Often described as the “king of gemstones,” rubies are integral to the origin of Omi Gems and Omi Privé. Our multi-generational gemstone heritage traces itself back to ruby mines in Burma in the late 19th century, the most fabled ruby mining location in the world.

Seen here – a 3.03ct Heated Burmese Ruby

Burmese rubies have long been coveted for their exceptional color and brilliance. Much of this is attributed to the crystal’s growing conditions. Fine Burmese rubies were formed in the marble rich Mogok valley, and the lack of iron in their formation gives them their vivid red color. Growing conditions and chemical makeup also contribute to their extreme fluorescence under ultraviolet light. Although not visible with the naked eye, this fluorescence helps contribute to their depth of saturation and the appearance that Burmese rubies glow from within.

Prior to the early 2000s, rubies were predominately mined in Burma and iron-rich Thailand. Thai rubies are known for their darker, sometimes more brownish or purplish color. And this is due to the iron in their crystal structure that exists in the granite-rich rock where the rubies formed.

Omi Privé uses Burmese-type rubies in many of our fine jewelry designs.

Burmese ruby and diamond bracelet.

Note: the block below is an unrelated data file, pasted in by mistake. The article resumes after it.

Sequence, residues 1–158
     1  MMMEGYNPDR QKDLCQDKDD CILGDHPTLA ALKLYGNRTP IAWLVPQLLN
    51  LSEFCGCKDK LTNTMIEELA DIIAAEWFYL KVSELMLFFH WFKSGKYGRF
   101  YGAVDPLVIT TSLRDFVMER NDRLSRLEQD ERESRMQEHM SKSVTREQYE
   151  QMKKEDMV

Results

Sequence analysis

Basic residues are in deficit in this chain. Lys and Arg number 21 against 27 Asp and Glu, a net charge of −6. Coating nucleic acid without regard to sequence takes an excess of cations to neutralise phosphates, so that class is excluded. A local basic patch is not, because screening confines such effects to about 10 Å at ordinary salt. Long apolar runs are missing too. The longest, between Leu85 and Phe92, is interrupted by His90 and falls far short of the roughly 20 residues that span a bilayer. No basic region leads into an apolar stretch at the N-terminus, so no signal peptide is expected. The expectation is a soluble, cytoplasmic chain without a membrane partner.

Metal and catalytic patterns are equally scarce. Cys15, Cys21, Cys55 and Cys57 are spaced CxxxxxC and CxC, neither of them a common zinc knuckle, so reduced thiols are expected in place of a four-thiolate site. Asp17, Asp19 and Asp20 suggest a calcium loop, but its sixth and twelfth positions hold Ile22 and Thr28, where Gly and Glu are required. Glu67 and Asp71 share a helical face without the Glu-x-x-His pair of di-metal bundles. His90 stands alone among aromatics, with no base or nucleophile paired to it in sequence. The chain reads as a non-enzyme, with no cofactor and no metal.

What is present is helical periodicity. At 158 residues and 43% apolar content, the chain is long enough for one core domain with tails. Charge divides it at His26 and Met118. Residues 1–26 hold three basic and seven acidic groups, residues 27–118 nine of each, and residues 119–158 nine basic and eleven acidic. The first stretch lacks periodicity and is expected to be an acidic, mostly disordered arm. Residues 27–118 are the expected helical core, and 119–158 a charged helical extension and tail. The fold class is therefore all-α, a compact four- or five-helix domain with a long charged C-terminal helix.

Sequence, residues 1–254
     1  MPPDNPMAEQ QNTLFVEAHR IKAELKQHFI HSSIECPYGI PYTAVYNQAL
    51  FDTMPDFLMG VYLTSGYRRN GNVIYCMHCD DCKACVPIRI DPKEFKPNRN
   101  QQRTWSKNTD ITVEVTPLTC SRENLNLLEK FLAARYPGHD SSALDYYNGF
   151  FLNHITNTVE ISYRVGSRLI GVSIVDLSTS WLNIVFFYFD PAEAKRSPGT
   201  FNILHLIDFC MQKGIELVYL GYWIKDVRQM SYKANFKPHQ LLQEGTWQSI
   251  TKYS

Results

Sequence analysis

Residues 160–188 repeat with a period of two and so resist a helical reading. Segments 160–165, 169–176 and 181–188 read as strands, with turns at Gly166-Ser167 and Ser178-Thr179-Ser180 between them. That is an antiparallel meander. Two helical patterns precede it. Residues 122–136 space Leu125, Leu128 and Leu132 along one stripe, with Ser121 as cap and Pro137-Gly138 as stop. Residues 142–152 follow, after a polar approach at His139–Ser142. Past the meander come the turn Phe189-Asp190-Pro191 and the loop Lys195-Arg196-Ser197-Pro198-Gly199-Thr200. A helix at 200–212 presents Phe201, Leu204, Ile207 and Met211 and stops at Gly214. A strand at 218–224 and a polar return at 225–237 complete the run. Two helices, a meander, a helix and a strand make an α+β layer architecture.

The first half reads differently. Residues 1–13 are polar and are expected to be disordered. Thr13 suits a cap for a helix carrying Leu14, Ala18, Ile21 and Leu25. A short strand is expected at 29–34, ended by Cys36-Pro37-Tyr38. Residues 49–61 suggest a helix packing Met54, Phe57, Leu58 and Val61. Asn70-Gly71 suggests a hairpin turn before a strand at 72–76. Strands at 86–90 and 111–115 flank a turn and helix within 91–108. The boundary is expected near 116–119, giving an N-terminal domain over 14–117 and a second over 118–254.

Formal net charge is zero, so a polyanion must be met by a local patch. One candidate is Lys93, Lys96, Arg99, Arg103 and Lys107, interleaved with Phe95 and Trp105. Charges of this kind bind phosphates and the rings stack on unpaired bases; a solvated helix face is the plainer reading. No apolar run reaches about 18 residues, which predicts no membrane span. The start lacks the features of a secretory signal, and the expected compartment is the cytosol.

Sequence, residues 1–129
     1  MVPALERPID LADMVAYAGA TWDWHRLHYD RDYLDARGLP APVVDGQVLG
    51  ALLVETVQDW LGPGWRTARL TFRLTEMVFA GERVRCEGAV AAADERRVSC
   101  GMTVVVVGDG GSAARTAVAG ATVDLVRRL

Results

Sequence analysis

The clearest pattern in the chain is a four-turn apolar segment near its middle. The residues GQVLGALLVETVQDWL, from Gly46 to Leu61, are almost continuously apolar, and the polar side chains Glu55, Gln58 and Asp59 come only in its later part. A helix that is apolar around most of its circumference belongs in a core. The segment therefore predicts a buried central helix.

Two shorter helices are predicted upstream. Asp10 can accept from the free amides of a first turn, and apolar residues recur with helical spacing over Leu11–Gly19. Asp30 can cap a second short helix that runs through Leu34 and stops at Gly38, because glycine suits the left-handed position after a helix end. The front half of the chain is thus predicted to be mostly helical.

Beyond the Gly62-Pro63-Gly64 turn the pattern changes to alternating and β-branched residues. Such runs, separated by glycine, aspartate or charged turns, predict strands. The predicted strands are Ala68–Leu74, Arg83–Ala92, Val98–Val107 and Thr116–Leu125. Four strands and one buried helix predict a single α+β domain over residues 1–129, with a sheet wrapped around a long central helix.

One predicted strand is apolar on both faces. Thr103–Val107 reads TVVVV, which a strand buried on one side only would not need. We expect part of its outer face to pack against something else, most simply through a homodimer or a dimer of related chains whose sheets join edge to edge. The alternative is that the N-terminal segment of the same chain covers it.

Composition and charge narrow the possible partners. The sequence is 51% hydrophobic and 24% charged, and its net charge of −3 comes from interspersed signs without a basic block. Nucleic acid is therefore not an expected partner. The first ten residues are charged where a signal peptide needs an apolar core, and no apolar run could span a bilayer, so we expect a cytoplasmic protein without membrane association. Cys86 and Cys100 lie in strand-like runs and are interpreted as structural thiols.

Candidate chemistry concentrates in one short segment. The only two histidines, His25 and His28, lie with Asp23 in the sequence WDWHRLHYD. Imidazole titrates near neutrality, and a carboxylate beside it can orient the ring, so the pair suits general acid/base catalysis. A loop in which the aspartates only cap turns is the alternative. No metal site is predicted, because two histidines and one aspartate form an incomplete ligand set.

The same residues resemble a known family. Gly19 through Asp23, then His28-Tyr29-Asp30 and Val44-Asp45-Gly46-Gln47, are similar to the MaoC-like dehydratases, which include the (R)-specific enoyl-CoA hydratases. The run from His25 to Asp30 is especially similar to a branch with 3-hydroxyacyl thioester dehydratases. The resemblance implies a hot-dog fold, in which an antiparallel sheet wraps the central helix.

In recent years, new sources have emerged in Africa that have added supply and diversified the rubies on the market. Madagascar, Mozambique and Tanzania have all proven to be sources for rubies. The stones from these localities contain varying traces of iron, however less than Thai stones. Their fluorescence varies as well. Overall fine African rubies, because of the way they form, tend to have more transparent crystals with less silk or inclusions. Very specific mines within these countries have produced some rubies that rival fine Burmese stones.

Seen here – a 3.03ct. Unheated Madagascan Ruby.

In terms of hue, red will always be rubies’ primary color. However secondary colors are quite common and a matter of taste. Pink, orange, purple and violet are the most common secondary hues in rubies. Burma-type and Burmese stones tend to have pink secondary hues. Regarding saturation, some African stones are distinctly brownish. It’s important to view rubies under different light sources to get a true sense of their color. Under certain lighting conditions some rubies will appear dark or dull.

Seen here – two Mozambique Ruby pendants, each weighing 2.03ct.

Fewer and fewer stones are being produced from Burma, and with increased African ruby production, price gaps between the origins will continue to narrow. However, fine Burmese stones will always command a premium. Rubies have long been considered the “king of gemstones” for good reason, to see a fine red Burmese ruby and witness it glowing from within is incomparable. Rubies continually reinforce Omi Gems’ belief that gemstones are nature’s finest artworks polished by the creativity of man.